Ethos In Julius Caesar

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Have you ever felt your loneliest even when surrounded by those who claim to be your closest friends? Have you ever gotten that uneasy feeling in the pit of your stomach when putting your trust in someone who has stood by your side for years? If Julius Caesar, would have paid attention to his surroundings, he might have lived to see another day. In spite of his friendship with Caesar, Marcus Brutus took it upon himself and the conspirators, to kill Caesar. In their eyes, they saw Caesar’s initiative to control Rome as disastrous for the well-being of the people. Due to Brutus’ strong love for Rome and the citizens, he was able to the manipulate many Romans into believing he had honorable intentions in assassinating Caesar. In order, to prove…show more content…
In William Shakespeare's play, The Tragedy of Julius Caesar, Brutus makes an appeal to pathos, logos, and ethos by carefully crafting his word selection and diction to manipulate the people below him such as the plebeians, his wife, and even the…show more content…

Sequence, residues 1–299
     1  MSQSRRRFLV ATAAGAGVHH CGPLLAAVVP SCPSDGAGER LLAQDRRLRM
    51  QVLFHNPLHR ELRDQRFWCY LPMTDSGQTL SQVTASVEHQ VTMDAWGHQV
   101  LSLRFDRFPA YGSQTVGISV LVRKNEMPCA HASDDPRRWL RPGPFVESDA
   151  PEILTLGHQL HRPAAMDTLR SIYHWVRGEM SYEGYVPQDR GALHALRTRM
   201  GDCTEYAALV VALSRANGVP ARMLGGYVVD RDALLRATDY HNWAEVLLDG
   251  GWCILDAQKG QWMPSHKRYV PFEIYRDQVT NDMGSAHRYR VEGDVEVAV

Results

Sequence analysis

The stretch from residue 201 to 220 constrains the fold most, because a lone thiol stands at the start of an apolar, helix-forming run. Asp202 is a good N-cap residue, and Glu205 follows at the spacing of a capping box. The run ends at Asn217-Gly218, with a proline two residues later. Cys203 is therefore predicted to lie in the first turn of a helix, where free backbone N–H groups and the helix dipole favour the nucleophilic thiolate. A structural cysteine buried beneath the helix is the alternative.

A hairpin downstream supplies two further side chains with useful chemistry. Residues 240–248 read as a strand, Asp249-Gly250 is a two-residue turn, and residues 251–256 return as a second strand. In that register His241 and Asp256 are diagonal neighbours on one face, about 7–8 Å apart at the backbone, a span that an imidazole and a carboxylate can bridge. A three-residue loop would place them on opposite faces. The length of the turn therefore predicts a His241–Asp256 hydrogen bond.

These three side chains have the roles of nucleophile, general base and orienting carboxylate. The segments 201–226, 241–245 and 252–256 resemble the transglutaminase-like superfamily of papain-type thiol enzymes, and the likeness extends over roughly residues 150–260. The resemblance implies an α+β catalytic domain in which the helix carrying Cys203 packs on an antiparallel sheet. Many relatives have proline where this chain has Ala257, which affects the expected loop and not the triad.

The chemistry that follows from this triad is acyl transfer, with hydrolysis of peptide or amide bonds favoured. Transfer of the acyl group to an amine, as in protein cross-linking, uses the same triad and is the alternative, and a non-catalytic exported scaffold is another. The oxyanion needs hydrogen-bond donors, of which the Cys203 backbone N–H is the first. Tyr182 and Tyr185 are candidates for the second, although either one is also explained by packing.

For example, Brutus is appalled Cassius would take dishonest bribes, saying “I had rather be a dog, and the bay the moon,/ Than such a Roman,” (JC. IV. iii. 27-28). The shift from phrasing such as “rather be a dog” and “such a Roman” indicate that Brutus values his integrity. Integrity is a prominent feature in a credible person, as it determines their rate of believability. The language of the text is audacious because Brutus is showing he has the willpower to stand up to a colleague. Subsequently, Cassius and Brutus argue about how to raise money for the army, when Brutus says, “ For I can raise no money by vile means./ By heavens, I had rather coin my heart/ And drop my blood for drachmas than to wring/ From the hard hands of peasants their vile trash,” (JC. IV. iii. 71-74). A critical component of this line are the phrases, “coin my heart”, “drop my blood”, and “vile trash” because it infers that Brutus would put his life on the line, and do nothing lower than expected of him for the benefit of the army. He is able to shape his self-image, by showing he is an ethical man to make it apparent to Cassius that he is a credible individual. Brutus creates a didactic tone, which exemplifies he is an honest man whom Cassius can trust, as Brutus stays true to his moral
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